Clover killing and bunker work on the course

The last few weeks we have been concentrating on getting the greens and tees in great shape for the summer, with various over seeding work, wetting agent spraying, application of slow release fertiliser and repairs to irrigation. This has made massive inroads to the way the course is playing, particularly on the greens which are looking very healthy and rolling extremely well. Tees are now growing aggressively and looking very lush so we will begin mowing twice a week to keep them looking tidy.

Now our attention turns to finishing the bunker renovations and also topping up a large number of bunkers that need more sand in, at the same time we are spraying a great deal of weedkiller to combat the influx of clover and lesser trefoil on the course.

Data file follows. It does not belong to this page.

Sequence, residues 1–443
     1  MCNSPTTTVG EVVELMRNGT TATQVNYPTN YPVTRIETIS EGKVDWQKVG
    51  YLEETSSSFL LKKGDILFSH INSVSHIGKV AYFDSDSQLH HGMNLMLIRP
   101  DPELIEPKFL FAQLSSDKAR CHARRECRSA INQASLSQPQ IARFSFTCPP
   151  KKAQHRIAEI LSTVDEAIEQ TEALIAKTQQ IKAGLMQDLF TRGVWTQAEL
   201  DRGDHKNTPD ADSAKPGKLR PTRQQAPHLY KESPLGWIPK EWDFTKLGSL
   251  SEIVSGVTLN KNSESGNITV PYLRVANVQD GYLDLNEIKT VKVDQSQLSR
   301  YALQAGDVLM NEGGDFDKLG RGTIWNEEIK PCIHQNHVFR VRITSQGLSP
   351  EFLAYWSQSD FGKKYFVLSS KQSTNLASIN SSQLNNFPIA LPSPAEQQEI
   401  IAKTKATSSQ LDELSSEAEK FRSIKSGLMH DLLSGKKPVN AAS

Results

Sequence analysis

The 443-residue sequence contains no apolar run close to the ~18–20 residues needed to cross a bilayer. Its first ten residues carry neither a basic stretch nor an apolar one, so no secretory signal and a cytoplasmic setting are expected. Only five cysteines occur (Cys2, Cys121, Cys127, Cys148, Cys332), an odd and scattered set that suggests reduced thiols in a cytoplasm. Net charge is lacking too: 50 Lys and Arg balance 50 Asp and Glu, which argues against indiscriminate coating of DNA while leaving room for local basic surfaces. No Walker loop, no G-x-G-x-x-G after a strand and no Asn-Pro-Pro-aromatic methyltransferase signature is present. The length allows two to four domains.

We often get asked why we suffer so badly with clover in particular, and a big part of the reason is that we’re on ex-farm land, which has had decades of work which has taken out much of the natural nutrients from the soil, meaning that it is very susceptible to weeds spreading quickly.

 White Clover

To get an effective kill on the weeds they need to be in full growth, so that means leaving them for a week or two before spraying, which is what we have had to do, leading to the rough areas in particular looking scruffier than normal for a short time.

We have more than doubled our herbicide budget this year to do our upmost to rectify the issue. In a couple of weeks the weeds will have wilted and the course will be looking much healthier, so we can keep cutting the rough at a shorter height again, it’s unfortunately a process that we’ve had to be patient with in 2018.